A US judge is confident that government evidence will prove Apple knowingly participated in a conspiracy to raise the price of ebooks, ahead of a trial due to start next month.

Apple Ebook Price Fixing

US District Judge Denise Cole is set to oversee the trial starting 3 June and this week gave her views during a pretrial hearing, and although she stressed her tentative view was not final, she believes the US government can prove Apple engaged in a price-raising conspiracy with five book publishers.

Apple is the sole remaining defendant in the case, after the five publishers accused of colluding with Apple to set ebook prices all settled with the US Department of Justice.

"I believe that the government will be able to show at trial direct evidence that Apple knowingly participated in and facilitated a conspiracy to raise prices of ebooks, and that the circumstantial evidence in this case, including the terms of the agreements, will confirm this," Cote said.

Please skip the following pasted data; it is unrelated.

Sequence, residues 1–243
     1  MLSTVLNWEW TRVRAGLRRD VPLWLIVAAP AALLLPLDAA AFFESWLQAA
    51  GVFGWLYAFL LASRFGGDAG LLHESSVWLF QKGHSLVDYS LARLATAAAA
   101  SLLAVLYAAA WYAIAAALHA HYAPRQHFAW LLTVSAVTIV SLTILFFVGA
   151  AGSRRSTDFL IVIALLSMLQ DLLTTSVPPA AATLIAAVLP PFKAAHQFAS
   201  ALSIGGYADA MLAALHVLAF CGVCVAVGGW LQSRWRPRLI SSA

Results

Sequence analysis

The judge emphasised this was her "tentative view," not a final verdict, and said it is based largely on materials submitted as evidence, such as emails and correspondence which took place over a six-week period between December 2009 and January 2010, three months before the original iPad went on sale marking Apple's entry to the ebook market.

Cotes admitted, however, that she is yet to read many of the affidavits submitted in support of the parties' positions.

Colluding

Apple and the five publishers - Penguin, HarperCollins, Simon & Schuster, Hachette and MacMillan - were accused by the Department of Justice last April of colluding on ebook prices in a bid to fight Amazon's dominance of the market.

Under Apple's business model it allowed publishers to set their own prices, but they were forbidden from selling books elsewhere for less. This model differs from Amazon, which sets prices and discounts as it sees fit.

Apple lawyer Orin Snyder said in a statement: "We strongly disagree with the court's preliminary statements about the case today. We look forward to presenting our evidence in open court and proving that Apple did not conspire to fix prices."

In his defence, Snyder said the evidence will show Apple benefited consumers by providing competition in the emerging ebook market.

Apple is the sole remaining defendant after litigation was settled by the five publishers, with Pearson agreeing earlier this week to a $75m (£50m) settlement with the 33 US states and consumers who had filed a class-action lawsuit against the publisher.